Alaska Review examines the innovations of Alaskans who have implemented ways to harness the energy of natural elements such as wind, water, sun, and geothermal resources to provide power in Alaskan communities. Conservation and construction techniques used by individual homeowners as well as municipalities are explored. Those interviewed include: Steve Behnke of Dillingham; Dave Balker (?), manager of Nushugak Electric in Dillingham, Don Markel, projects coordinator of the Division of Energy and Power; Bob Foote of Unalakleet; CJ Phillips (?), president of a corporation interested in developing Pilgrim Springs; Everett Drashner, Cantwell area homesteader; Diane Drashner, Cantwell area homesteader; Joe Marks, owner of a company that developed a wood gasification system; and Bud Root of the Anchorage area. The program contains views of a passively-heated super-insulated home in Dillingham, a waste-heat recovery system used to heat the Dillingham elementary school, wind-powered generators in Unalakleet, hot springs at Pilgrim Springs on the Seward Peninsula, a self-sufficient homestead in Cantwell, a wood gasification system used to create engine fuel from wood, a hydroelectric system, greenhouses, solar panels, and wind turbines.
Alaska Review 47
Alaska Review 47
Alaska Review explores Alaska's waste disposal problems, including concerns about the disposal of hazardous materials at a special waste site near Sterling, the growing population of the Municipality of Anchorage and the rapid filling of the landfill at Merrill Field, and the existence of hazardous wastes left behind by military outposts in Alaska. Members of groups concerned about environmental hazards and the disposal of waste products are interviewed. Those interviewed include: Walt and Elsa Pedersen of Sterling, Alaska; Stan Thompson, mayor of the Kenai Peninsula Borough; Bob Martin, regional manager of the Department of Environmental Conservation in Anchorage; Dave Brown, part owner of Alaska Environmental Industries; Joel Grunwaldt, director of Solid Waste Services for the Municipality of Anchorage; unidentified people-on-the-street interviewees; David Wigglesworth of the Center for the Environment in Anchorage; Steve Kadish, executive director of the Alaska Health Project; Dick Hudson?, manager of Anchorage water treatment facility; and Captain Peter Robles, Jr., of the U.S. Air Force at Elmendorf Air Force Base. The program contains views of the special waste site near Sterling, Alaska, the Union Chemicals Division Kenai Plant facility, Anchorage streets, municipal landfills, public service announcements about recycling and waste disposal, Anchorage water treatment facilities, technicians at work in a water safety testing lab, historic military footage, and military cleanup efforts and facilities.
Alaska Review 48
Alaska Review 48
Mark O. Badger and Edward Coll report on the sealing industry on St. Paul Island in the Pribilofs and on recent efforts by the federal government to phase out funding of the seal harvest. Life on the island under Russian and United States rule is examined, and island residents talk about having lived as wards of the federal government and about having been relocated to internment camps in Southeast Alaska during World War II. Managers explain the seal harvest process, and activists talk about their opposition to the harvest. The possible future of the people of St. Paul Island is touched upon. Those interviewed include: Larry Merculief, president of Tanadgusix Corporation; Gabe Stepetin, resident of St. Paul Island; Father Michael Lestenkof, priest on St. Paul Island; Joe Scordino of the National Marine Fisheries Service; Mike Zacharof, supervisor of the By-Products Plant on St. Paul Island; Leslie Dierhauf, veterinarian and voluntary observer of the seal harvest; Captain Paul Watson of Greenpeace; Pamela Wilson, director of the Seal Rescue Fund; and Dr. Charles Fowler of the National Marine Fisheries Service. The program contains views of a St. Paul celebration at the end of sealing season, historical photos and drawings of Aleut peoples, interior and exterior views of the Russian Orthodox Church on St. Paul Island, seal harvest activities and the treatment and packing of seal skins, and scenes from the Wartime Relocation Commission Hearings in Anchorage. The program also contains Public Service Announcements (PSAs) about litter and recycling in Alaska and recycling in general.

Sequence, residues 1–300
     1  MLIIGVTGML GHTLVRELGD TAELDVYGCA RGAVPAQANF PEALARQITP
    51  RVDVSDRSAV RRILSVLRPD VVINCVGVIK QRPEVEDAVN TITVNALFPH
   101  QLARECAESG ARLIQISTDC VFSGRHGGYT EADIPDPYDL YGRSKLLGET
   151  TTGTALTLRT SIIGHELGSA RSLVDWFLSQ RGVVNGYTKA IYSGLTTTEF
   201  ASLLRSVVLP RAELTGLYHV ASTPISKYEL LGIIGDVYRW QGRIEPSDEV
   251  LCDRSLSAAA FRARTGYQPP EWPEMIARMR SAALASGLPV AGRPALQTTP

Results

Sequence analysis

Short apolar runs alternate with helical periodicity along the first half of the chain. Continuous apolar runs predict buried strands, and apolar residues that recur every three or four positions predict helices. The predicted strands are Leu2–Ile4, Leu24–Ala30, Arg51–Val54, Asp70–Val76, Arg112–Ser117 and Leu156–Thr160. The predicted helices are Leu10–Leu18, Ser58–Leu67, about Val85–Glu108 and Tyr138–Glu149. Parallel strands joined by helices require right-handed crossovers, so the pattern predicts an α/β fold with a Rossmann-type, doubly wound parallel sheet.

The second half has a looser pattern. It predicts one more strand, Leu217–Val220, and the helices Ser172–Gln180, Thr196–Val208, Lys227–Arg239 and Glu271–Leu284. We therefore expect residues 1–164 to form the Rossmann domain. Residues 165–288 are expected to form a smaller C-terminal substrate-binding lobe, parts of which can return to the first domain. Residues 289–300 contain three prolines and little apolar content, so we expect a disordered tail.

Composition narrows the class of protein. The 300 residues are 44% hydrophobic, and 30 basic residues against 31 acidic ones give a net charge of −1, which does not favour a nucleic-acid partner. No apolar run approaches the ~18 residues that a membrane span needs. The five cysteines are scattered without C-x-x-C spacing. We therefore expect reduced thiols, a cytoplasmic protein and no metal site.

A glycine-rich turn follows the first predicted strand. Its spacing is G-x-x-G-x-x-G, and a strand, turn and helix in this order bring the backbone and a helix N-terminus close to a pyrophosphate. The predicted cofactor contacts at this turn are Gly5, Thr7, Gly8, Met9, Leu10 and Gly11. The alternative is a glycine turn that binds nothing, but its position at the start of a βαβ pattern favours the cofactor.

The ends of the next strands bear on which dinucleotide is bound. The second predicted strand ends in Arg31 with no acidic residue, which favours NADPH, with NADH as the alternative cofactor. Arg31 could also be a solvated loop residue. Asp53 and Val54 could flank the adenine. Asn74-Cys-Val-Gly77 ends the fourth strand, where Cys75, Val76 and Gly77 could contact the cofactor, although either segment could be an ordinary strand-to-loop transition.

Alaska Review 49
Alaska Review 49
Alaska Review covers the debate in Alaska over whether or not nuclear weapons should be used to protect and defend the United States. Topics include the nuclear arms race between the United States and Soviet Union, nuclear arms freeze resolutions put to a vote in three Alaskan cities, Alaska's civil defense plan, evacuation plans, nuclear fallout patterns, and survival plans. Those interviewed include: Steve Williams of Fairbanks, of the Alaskans for the Prevention of Nuclear War; Cindy Marquette of Fairbanks, of the Alaskans for the Prevention of Nuclear War; Don Smith, Anchorage assemblyman; Dave Brook of Anchorage, of the Citizens Concerned about Nuclear War; unidentified people-on-the-street interviewees; Colonel James Grassman, director of operations for the Alaskan Air Command; Jack Cervantes of Wasilla, Southcentral district supervisor for the Alaska Division of Emergency Services; Bruce Staser, director of Civil Defense for the Municipality of Anchorage; John Morris, of Civil Defense for the Municipality of Anchorage; and Linda Duce? of Homer, of the Alaska Institute of Self-Sufficiency and Family Preparedness. The program contains views of historical films and drawings depicting the dropping of nuclear bombs on Hiroshima and Nagasaki, gatherings in Alaska to protest the buildup of nuclear weaponry, Elmendorf Air Force Base, maps and depictions of possible damage from nuclear weapons, military bases, hospitals, grocery stores, and equipment and displays at an Alaskan survival fair.
Alaska Review 50
Alaska Review 50
Alaska Review explores the lives of those continuing to pursue a subsistence lifestyle in Alaska despite outside pressures from a quickly changing world and the availability of new tools and methods for hunting and gathering natural resources. The program contains images and interviews that appeared in several earlier Alaska Review programs. Those interviewed include: Arnold Brower, whaling captain; John Evak, subsistence hunter; Juanita Melsheimer of English Bay; Bobby Kuasnikoff of English Bay; Walter Charlie of the Lake Louise area; L. Jolson? of Kachemak City; Judy Theringer and Daniel Breslaw, subsistence fishermen; and Everett and Diane Drashner, homesteaders. The program contains views of Point Hope singers and dancers, a Point Hope whaling celebration, people pulling in fish nets at Bishop Mountain near Galena, scenes at a fish camp, harvesting of fish at English Bay, an Alaskan garden, and a self-sufficient homestead south of Fairbanks.